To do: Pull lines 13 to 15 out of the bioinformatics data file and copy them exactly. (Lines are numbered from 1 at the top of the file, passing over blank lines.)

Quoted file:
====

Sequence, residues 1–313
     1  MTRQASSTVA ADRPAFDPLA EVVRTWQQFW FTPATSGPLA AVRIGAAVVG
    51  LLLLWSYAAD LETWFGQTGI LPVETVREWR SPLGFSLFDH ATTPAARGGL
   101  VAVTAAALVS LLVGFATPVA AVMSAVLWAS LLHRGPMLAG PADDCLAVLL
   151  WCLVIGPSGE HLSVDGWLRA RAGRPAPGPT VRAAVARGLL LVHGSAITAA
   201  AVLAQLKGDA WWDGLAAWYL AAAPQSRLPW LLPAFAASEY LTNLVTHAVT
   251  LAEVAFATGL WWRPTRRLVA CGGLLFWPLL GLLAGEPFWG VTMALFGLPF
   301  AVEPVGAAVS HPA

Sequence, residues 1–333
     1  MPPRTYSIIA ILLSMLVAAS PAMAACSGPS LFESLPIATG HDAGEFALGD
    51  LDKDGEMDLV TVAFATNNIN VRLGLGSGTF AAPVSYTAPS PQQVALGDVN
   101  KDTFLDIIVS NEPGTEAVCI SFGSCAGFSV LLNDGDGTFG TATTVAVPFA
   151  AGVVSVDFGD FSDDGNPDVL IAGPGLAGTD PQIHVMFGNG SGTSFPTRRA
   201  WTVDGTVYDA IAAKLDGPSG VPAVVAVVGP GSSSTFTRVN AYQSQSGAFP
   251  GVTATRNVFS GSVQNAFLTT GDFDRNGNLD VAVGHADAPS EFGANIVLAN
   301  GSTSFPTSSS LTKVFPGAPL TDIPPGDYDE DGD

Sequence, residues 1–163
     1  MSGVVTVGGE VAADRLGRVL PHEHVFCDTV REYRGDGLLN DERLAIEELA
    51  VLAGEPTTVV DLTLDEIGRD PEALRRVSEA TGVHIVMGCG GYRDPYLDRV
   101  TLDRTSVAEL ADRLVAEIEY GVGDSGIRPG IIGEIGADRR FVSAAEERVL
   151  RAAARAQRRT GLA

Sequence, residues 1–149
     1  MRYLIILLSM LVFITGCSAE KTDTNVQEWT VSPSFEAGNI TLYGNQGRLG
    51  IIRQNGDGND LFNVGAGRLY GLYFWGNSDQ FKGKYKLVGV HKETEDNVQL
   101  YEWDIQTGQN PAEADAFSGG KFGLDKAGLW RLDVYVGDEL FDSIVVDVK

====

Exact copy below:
   151  AGVVSVDFGD FSDDGNPDVL IAGPGLAGTD PQIHVMFGNG SGTSFPTRRA
   201  WTVDGTVYDA IAAKLDGPSG VPAVVAVVGP GSSSTFTRVN AYQSQSGAFP
   251  GVTATRNVFS GSVQNAFLTT GDFDRNGNLD VAVGHADAPS EFGANIVLAN